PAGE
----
Starring Arjun Kapoor & Shraddha Kapoor
Directed by Mohit Suri
You can accuse Chetan Bhagat’s novels of being lots things from silly to shallow. But you can never fault them for their entertainment value.
Director Mohit Suri known to make cinema on compulsive love (Aashiqui 2, Ek Adhuri Kahaani) takes the theme of self-annihilation in a romantic association to the extreme, bringing out his hero, a Bihari non-English medium type in Delhi who falls for a girl much higher than her heels and his social status, as a love-struck wimp obsessed with his object of adoration to the point of complete self-ruination.
This was how Chetan Bhagat meant his novel to be. The man-woman equation was seen in the light of status and social standing and then judged within the parameters of a heart-to-heart connection. Director Suri amplifies the theme of love between unequals. The complications are frail and far-fetched. Rustic Bihari Madhav Jha (Arjun Kapoor, uninterrupted in his sincerity) is not only incurably in love with socialite Riya Somani (Shraddha Kapoor, cool in her designer clothes) he will follow her to the end of the world… or to New York where she shows up in a most unconvincing finale.
But I don’t think Chetan Bhagat and Mohit Suri intended Half Girlfriend to be real and obtainable look at life and relationships. In fact I am pretty sure their take on love is as distanced from reality as Mohit Suri is from Anurag Kashyap.
Half Girlfriend moves in a head-in-the-clouds fog of satiny sensations. It is fetchingly shot by cinematographer Vishnu Rao who sees the romance through a filtered haze. Arjun Kapoor maintains a gaze of steadily fixed state of adoration on Shraddha Kapoor. The gaze occasionally lusts over, but no damage done. Arjun Kapoor helps give his character the aura of an urgent sense of obsessive love that is needed. It’s a capable performance underpinned by a sense of unspoken anguish that takes the lover-hero through many levels of change and acceptance.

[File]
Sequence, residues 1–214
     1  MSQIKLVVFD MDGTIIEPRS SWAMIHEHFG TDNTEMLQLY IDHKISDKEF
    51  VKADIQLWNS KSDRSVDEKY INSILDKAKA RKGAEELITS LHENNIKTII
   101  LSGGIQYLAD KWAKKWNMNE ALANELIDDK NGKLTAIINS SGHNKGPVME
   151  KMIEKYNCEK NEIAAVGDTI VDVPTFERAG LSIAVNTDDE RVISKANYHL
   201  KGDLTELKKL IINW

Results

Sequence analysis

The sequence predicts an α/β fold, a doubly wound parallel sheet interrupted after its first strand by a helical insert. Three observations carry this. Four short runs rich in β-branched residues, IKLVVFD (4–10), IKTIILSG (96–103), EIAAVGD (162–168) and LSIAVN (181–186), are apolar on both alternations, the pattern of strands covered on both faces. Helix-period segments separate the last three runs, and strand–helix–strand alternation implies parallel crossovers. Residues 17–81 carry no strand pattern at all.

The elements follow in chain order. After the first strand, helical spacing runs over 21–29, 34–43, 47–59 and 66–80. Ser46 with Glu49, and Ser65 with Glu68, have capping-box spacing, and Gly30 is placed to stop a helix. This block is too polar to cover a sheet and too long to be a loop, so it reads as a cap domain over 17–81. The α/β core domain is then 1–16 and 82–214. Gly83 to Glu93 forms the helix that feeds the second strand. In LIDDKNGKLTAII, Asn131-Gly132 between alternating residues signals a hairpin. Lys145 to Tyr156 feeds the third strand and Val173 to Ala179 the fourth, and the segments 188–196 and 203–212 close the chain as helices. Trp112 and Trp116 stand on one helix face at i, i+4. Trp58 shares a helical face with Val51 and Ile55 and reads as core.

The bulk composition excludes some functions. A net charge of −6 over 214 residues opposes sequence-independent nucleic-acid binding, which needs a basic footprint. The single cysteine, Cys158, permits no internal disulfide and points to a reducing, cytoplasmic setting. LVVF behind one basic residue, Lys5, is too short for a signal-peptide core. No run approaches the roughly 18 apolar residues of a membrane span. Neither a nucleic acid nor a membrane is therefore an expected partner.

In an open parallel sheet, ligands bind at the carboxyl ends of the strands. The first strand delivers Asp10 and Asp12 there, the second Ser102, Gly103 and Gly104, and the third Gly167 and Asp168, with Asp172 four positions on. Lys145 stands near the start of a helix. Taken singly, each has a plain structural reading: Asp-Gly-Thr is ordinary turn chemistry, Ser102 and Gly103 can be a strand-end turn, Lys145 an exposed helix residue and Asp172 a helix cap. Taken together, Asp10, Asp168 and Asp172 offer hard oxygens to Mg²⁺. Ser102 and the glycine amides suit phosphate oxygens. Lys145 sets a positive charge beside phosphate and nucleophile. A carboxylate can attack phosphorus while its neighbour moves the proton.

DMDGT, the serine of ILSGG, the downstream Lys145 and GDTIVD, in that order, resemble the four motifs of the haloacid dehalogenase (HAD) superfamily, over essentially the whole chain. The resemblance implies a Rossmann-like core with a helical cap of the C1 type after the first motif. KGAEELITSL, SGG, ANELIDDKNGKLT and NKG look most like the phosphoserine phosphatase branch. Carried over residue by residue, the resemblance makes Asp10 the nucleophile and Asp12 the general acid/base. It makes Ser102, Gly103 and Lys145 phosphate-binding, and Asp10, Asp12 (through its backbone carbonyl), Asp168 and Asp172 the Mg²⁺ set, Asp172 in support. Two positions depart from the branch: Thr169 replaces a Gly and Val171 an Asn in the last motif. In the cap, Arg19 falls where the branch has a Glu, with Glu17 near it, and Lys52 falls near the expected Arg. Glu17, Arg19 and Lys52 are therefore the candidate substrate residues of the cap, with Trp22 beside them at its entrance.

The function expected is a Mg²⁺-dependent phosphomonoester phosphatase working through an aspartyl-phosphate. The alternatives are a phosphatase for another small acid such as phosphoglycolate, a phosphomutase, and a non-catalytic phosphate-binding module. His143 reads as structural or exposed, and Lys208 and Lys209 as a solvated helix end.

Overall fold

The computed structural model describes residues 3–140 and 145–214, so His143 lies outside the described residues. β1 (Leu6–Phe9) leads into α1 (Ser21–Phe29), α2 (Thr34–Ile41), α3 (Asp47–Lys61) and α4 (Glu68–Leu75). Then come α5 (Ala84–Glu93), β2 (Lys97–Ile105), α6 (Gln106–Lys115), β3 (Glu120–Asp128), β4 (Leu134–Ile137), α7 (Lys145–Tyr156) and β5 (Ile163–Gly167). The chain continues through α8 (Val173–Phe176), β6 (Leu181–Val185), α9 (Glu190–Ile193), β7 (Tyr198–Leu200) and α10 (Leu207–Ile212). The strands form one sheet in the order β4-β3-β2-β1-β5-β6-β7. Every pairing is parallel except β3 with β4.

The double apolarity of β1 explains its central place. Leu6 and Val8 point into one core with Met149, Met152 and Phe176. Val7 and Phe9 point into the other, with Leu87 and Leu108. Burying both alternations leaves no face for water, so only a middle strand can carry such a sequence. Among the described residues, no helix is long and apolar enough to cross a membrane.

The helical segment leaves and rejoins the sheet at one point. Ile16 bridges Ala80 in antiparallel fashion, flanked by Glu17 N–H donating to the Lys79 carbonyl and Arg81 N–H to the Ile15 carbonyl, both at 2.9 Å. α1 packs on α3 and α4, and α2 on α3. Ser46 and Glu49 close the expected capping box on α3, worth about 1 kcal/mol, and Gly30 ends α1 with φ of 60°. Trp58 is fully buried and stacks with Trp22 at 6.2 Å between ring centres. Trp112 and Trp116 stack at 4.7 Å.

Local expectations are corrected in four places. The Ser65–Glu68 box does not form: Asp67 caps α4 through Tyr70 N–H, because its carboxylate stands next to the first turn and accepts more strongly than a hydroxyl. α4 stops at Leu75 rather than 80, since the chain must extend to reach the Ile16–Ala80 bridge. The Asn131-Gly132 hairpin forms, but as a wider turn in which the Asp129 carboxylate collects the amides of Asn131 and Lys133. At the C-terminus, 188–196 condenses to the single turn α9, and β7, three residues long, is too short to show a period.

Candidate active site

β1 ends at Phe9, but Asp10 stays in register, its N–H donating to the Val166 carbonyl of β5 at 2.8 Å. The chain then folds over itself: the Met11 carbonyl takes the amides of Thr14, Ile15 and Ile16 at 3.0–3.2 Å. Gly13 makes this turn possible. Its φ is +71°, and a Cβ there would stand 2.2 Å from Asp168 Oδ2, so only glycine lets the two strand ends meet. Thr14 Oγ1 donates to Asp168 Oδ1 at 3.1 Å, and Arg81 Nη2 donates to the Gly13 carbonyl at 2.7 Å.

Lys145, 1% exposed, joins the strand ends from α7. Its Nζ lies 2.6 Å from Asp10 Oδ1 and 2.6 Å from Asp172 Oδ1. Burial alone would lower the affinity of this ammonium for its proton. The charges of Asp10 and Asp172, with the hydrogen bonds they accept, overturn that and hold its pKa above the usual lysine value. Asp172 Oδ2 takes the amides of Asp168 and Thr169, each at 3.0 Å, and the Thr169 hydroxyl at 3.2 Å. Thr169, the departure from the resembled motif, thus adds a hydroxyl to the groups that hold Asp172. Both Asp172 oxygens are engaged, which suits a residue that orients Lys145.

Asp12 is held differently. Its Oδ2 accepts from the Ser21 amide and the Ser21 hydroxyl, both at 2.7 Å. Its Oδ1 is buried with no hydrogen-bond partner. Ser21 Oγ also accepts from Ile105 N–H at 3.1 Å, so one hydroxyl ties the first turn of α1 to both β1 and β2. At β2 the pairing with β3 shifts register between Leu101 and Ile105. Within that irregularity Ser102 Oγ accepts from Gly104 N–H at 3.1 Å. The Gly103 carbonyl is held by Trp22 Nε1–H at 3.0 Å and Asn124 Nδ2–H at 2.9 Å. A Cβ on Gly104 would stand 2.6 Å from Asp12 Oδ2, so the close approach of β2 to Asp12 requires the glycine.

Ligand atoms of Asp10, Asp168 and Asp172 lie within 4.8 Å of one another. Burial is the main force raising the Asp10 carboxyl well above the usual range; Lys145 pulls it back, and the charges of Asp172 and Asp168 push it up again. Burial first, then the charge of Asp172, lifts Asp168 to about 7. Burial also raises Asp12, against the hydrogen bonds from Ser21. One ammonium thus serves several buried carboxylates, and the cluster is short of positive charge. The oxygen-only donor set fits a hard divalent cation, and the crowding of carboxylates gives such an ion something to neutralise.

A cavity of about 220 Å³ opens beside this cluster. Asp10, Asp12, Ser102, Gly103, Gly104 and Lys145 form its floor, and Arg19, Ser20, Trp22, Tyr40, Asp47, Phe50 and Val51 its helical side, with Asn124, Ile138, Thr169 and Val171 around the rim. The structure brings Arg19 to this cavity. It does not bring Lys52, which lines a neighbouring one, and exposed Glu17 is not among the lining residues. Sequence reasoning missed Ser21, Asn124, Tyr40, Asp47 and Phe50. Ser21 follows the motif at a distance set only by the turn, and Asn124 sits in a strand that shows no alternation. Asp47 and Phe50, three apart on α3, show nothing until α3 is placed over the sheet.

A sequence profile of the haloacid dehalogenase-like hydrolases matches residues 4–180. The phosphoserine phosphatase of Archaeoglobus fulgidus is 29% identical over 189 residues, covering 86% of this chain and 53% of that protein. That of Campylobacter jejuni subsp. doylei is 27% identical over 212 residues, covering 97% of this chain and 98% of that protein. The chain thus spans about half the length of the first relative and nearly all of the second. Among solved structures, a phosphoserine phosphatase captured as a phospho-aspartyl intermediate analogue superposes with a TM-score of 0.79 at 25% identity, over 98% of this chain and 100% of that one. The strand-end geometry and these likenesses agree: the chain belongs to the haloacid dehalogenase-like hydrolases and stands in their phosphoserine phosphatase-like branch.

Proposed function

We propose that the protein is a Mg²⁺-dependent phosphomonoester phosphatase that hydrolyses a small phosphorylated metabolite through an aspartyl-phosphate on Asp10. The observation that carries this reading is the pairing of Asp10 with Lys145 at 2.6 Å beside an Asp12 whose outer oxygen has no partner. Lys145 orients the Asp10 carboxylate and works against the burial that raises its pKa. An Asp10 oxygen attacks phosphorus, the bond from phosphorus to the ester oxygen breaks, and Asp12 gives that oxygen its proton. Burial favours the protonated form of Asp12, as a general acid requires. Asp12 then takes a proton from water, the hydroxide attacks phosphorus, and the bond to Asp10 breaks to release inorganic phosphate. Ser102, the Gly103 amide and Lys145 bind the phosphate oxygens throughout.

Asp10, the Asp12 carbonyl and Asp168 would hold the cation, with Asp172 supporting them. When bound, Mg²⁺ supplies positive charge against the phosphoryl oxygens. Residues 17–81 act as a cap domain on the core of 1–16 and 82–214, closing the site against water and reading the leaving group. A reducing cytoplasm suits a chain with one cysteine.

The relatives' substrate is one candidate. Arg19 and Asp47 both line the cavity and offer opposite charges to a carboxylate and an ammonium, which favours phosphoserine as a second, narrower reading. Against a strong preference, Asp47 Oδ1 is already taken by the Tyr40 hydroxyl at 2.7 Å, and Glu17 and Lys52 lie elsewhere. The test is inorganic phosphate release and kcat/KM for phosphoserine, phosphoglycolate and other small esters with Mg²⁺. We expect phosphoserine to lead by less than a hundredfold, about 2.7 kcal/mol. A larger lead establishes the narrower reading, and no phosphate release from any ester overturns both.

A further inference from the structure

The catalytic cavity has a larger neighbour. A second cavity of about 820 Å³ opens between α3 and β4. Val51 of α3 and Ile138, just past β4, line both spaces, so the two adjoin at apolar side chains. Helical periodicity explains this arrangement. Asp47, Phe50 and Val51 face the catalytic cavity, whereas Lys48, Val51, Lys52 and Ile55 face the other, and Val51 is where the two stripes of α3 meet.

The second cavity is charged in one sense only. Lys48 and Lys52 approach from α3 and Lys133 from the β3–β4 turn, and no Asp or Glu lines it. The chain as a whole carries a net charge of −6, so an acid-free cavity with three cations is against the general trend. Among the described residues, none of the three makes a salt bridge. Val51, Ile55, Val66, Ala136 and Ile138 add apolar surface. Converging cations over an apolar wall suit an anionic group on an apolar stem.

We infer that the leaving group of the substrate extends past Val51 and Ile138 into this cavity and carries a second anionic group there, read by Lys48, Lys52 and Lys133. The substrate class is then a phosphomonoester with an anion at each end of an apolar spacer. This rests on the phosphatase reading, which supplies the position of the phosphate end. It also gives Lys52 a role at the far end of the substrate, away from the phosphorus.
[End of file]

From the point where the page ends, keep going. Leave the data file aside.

Shraddha shines when she has to express the tragic boredom of being over-privileged. So unabashedly affluent is her character that the backstory of a troubled childhood almost seems like an afterthought. And when she takes off for New York you know her designer existence, replete with tragic delusions of a singing dying songs in a jazz bar of NY, is complete.
The love story works because the two Kapoors’ play the adoring and the adored with a hangdog heft and a haughty grandeur, respectively. The rest of the cast gets swathed in a scriptural haze that they don’t deserve. I wanted to see more of Vikrant Massey and Seema Biswas playing Madhav’s best friend and mother. And I certainly wanted to see more of the stunning Rhea Chakraborty who shows up at the end as Madhav’s blind date.It’s the role of the woman who loses love even before she finds it.
What I didn’t want to see are all those strenuous attempts to build a social conscience and toilets in rural India, into what is predominantly a pop-romance. Half Girlfriend is a gorgeous-looking film with no real relevance beyond its Valentinian boundaries, with plenty of unspoken chemistry between the lead pair. It could have done with less schmaltz and more raw passion, less cuteness and more real emotions.
But here is the thing. It delivers exactly the charming confection that Chetan Bhagat’s novel attempted to be.